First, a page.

Herta, who has racked up seven wins and eight pole positions since joining the IndyCar Series full-time in 2019, tested last year’s McLaren MCL35M under the TPC [testing previous car] rules, running 162 laps of the 2.891-mile Autodromo Internacional do Algarve across two days.
Although running the car on a track at which McLaren had data, thanks to the track hosting the 2020 and ’21 Portuguese Grands Prix, Herta said comparisons with the lap times of the team’s F1 regulars Lando Norris and Daniel Ricciardo last year would be difficult.
“This is a track that is so hard to understand that aspect because of the winds and so many different factors,” he said. “It’s a little bit cooler today than it would have been on the race weekend.
“I was happy with the lap time but we’re on a little bit of a different tyre than we’d have had on a race weekend. And if you look back to the quotes from a lot of guys from a year ago, they would talk about how windy it gets here and how much that can change the car here from corner to corner.
“So as far as lap times, it’s kind of hard to say. I think the engineers will know from looking at the data whether you’re fast or not.”
However, when asked if he was confident he’d be competitive in F1, Herta replied: “Yes. You can’t say no to that question otherwise you wouldn’t be a professional driver. So yeah, I do think I’m fast enough.
“Whether they agree, I guess time will tell, and hopefully I can get more chances in the car and hopefully I can show it.”
He added that he would be interested in taking part in FP1 sessions later in the year, while admitting they would be less helpful in terms of available track time.
“[Friday practice] is certainly something I’d be open to,” said the 22-year-old from Valencia, California. “As far as TPC test days, you can’t get better than that because you get the whole track to yourself, you get all this time inside the car that obviously in FP1 in 60 minutes you wouldn’t get.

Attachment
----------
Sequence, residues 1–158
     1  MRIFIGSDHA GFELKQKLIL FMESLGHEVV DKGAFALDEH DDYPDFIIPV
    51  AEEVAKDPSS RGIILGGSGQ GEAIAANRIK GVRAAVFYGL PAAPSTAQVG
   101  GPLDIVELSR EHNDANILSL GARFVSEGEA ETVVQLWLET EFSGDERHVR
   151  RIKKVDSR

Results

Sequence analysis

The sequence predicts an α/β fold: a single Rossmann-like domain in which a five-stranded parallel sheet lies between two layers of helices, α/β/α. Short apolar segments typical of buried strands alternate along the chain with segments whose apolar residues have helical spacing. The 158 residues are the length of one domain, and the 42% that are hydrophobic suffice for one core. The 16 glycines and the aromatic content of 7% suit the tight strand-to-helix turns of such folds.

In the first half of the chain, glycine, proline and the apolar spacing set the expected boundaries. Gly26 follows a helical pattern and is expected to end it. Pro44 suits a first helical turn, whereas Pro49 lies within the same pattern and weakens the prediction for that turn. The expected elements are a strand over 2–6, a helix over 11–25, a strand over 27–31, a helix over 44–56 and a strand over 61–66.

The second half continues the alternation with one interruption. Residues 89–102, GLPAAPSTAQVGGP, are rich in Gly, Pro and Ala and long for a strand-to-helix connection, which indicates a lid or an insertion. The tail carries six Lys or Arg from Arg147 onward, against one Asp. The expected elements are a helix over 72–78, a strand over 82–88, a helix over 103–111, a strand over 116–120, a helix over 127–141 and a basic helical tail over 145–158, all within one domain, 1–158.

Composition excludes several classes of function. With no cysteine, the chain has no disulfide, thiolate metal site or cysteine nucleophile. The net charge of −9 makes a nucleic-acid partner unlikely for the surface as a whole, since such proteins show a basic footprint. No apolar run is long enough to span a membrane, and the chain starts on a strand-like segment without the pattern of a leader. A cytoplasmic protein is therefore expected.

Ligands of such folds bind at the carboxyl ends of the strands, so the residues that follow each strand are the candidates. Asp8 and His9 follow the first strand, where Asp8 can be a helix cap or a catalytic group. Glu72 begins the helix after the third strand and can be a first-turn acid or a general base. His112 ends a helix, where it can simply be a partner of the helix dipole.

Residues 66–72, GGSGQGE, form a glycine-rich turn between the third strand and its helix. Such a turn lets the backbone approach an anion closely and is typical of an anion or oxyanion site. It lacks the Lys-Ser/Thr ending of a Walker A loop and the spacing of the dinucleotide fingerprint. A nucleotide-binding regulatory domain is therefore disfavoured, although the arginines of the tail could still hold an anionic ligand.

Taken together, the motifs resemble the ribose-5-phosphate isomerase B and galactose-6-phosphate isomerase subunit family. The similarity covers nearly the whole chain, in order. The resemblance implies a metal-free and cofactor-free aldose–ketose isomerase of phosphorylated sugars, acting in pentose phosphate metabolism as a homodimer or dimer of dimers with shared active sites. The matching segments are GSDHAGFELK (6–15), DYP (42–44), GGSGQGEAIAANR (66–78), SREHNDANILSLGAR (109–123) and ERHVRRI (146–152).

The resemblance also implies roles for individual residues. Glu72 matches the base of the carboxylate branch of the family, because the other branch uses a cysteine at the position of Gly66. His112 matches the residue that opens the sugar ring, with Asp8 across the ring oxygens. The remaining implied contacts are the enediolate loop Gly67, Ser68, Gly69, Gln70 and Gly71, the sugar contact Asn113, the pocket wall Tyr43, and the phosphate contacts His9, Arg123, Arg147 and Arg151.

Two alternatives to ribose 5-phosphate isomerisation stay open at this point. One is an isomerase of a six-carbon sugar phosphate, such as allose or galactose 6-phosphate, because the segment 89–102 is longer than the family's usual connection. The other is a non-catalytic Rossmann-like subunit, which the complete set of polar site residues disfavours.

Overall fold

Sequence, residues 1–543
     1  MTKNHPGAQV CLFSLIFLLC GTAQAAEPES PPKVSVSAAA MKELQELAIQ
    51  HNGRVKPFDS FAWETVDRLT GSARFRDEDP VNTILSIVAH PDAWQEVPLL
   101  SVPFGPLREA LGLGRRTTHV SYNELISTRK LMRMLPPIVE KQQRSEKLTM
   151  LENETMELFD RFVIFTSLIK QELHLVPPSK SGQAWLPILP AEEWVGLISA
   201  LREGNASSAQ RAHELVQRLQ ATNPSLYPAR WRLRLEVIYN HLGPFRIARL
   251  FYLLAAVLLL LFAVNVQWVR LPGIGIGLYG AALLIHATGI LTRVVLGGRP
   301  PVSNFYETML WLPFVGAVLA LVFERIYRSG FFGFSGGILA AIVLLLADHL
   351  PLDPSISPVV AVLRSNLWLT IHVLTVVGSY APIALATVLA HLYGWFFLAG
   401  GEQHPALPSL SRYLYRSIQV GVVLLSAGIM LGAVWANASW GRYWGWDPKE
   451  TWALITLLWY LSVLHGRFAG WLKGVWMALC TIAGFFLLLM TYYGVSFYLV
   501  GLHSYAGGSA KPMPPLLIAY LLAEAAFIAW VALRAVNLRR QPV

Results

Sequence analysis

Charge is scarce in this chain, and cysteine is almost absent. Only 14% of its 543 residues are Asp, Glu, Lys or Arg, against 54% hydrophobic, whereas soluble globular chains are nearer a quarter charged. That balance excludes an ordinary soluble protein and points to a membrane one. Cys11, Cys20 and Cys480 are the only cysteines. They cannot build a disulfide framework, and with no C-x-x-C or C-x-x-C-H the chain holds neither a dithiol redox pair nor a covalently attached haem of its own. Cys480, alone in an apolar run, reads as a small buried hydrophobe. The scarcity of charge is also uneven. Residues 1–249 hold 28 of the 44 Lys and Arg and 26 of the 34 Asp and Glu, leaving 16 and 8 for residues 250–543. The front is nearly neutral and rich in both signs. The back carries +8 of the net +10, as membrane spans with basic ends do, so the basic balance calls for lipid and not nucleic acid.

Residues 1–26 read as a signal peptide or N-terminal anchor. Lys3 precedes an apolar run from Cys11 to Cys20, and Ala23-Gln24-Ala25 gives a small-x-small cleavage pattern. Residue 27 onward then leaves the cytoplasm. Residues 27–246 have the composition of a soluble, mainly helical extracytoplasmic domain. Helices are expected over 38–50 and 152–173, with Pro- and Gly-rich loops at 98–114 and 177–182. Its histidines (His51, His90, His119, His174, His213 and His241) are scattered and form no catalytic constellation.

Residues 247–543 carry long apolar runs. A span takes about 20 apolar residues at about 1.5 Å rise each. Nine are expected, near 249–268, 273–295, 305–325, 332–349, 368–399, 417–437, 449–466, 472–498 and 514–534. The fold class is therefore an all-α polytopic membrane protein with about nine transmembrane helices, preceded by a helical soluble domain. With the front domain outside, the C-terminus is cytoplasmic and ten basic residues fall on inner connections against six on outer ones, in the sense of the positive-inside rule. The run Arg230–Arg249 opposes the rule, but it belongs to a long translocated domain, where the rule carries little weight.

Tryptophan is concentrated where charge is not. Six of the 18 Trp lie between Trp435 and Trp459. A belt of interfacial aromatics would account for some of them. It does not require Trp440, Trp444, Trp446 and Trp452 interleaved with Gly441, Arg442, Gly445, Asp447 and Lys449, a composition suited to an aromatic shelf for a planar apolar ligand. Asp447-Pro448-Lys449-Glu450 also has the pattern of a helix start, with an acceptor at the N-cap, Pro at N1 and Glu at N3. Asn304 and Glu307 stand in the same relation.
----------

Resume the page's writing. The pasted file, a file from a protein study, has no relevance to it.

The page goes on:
“But it would be cool to have a taste of the 2022 cars and see how they compare with this car. So yeah, I’d be up for it.”
Colton Herta, McLaren MCL35M
Photo by: McLaren
“I think the first thing was, when I got off the pitlane speed-limiter, all the torque is pretty incredible,” he said. “Even when you’re at such low rpm, it still pulls. That was the biggest thing for me – the straightline speed, the acceleration, and the braking.
“Obviously the cornering speeds were higher than what you’d get in IndyCar, but it didn’t stick out to me as much as how impressive the acceleration was and how easy it is to have all this horsepower as soon as you put the throttle down.
Regarding cornering response, Herta admitted, “It is a completely different feel. The feeling you get from an IndyCar is very different because the lack of power steering, so the overall kickback in the wheel doesn’t really transcribe to what you get in a grand prix car.
Herta said a switch to F1 “is a goal of mine, it has been for a while” and that the timing needs to be in two or three years, rather than 10.
“For sure, I think if I were to wait that long, it wouldn’t happen,” he said. “I think in this day and age, Formula 1 is definitely a young man’s game for getting into it.
“Luckily I have a little bit of time if the opportunity arises, but I’m not really too worried about that at the moment. I’ll just try to go as fast as I can and hopefully open some doors at some point.”
Asked if Herta was a serious contender for a McLaren F1 seat in 2024, McLaren principal Andreas Seidl responded: “The objective for this test today was, as Colton mentioned, to give Colton the chance to experience an F1 car for the first time and explore its performance.
“That was the focus and what comes next is something we take it step by step, we take our time as well. That’s where we are.
“I have to say, the team was quite impressed how Colton was dealing with all these challenges and with his professional approach.
“And what was great to see as well, his physical preparation was enabling him to really keep going throughout the two days, knowing how challenging this can be in the Formula 1 car on a track like Portimao.”